Experts say properly removing a condom is as important as putting one on.
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Can You Get Pregnant If The Condom Is Left Inside You? Don't Panic Yet

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Birth control options have come a long way in the past several years. There are many different types of pills, as well as the more set-it-and-forget-it alternatives like the patch, the shot, the ring, IUDs, and even the arm implant. But the only contraceptive that protects against pregnancy and STDs is still the condom, and with condom use comes a fair share of user error and a small likelihood of slip-ups and slip-offs. While it may not happen often, it’s still good to know if you can get pregnant if the condom is left inside you.

Dr. Angela Jones, M.D., OB-GYN at Healthy Woman Obstetrics and Gynecology in Monmouth County, New Jersey, says you absolutely can. “If a condom slips off while inside the vagina, it’s likely that the contents are going to spill as well,” she says. Anytime semen gets into or even near your vagina, pregnancy can happen, noted Planned Parenthood. If the condom slips off and gets stuck inside you, your risk of becoming pregnant is increased because semen will likely spill out of the base of the condom into your vagina. From there, even one sperm can travel up through your cervix and uterus to your fallopian tubes, where it can live for five days, reported Mayo Clinic. If you are ovulating within the five days after, you can become pregnant. There’s also the obvious concern of contracting an STD with a condom mishap, says Dr. Jones.

So what do you do if you realize the condom is still inside you? Refinery 29 suggested sweeping it out of the vagina with clean fingers. If it is stuck a little higher up than your fingers can reach, try squatting and bearing down while you try to get it out. If you still can’t retrieve it, head to your doctor or the emergency room, because if left in for more than a few hours, it can lead to an infection. “It’s nothing to be embarrassed about — we remove lots of things from vaginas,” says Dr. Jones.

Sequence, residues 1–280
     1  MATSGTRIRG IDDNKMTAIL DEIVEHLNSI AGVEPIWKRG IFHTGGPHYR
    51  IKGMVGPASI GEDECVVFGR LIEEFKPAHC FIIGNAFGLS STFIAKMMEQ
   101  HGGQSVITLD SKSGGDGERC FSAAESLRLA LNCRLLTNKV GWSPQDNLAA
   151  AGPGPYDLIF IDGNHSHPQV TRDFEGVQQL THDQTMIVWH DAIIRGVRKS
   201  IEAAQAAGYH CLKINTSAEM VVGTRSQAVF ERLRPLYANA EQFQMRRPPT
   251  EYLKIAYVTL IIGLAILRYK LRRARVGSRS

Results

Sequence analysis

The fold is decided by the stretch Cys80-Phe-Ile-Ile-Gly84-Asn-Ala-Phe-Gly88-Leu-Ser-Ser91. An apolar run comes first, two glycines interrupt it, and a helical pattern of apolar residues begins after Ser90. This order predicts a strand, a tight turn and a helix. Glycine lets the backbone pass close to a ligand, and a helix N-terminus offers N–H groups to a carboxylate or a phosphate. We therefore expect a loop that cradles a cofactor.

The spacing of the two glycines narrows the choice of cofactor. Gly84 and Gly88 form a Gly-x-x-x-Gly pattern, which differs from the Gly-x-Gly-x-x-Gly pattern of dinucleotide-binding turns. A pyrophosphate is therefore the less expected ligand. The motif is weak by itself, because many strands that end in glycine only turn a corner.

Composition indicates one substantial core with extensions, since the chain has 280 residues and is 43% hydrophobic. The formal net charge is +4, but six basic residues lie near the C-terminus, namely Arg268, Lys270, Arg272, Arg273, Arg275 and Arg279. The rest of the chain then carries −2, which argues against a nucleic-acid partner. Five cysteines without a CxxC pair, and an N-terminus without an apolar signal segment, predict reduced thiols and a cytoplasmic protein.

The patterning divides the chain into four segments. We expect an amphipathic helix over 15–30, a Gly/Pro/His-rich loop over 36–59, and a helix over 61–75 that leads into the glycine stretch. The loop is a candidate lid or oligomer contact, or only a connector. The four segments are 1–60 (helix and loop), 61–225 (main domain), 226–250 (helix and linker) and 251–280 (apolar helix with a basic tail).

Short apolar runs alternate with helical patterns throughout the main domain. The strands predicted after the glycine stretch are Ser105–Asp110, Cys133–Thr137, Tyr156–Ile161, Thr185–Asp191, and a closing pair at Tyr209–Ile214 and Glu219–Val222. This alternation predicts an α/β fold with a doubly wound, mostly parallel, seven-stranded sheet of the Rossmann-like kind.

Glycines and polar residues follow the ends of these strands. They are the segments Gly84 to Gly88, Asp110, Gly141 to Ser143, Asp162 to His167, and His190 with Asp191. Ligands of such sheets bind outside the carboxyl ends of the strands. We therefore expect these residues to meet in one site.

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Once you’ve successfully removed the condom, it’s time to think about pregnancy. Dr. Jones says emergency contraception, also known as Plan B or the morning-after pill, is on order to reduce your chances of pregnancy. It may also be a good time to talk to your doctor about STD testing.

How can you prevent a condom from slipping off? For one thing, size matters when it comes to condoms. Verywell Health explained that condoms should be long enough to cover the whole penis and still leave a little space to hold semen, and the width should be snug enough to comfortably stay on. It’s also about how you put the condom on. “It is important to use good condom techniques of withdrawing before the penis goes completely flaccid, and using a hand at the base of the penis to secure the condom upon withdrawal,” explains Dr. Jones.

Accidents happen. Planned Parenthood says condoms are 98% effective in protecting against pregnancy, but only 85% once you add in human error. Make sure you’re using condoms correctly going forward and remember that even if life throws you curveballs, it’s all about how you handle it. (In this case, by slowly and carefully pulling a condom out.)


Dr. Angela Jones, M.D., OB-GYN at Healthy Woman in Monmouth County, New Jersey

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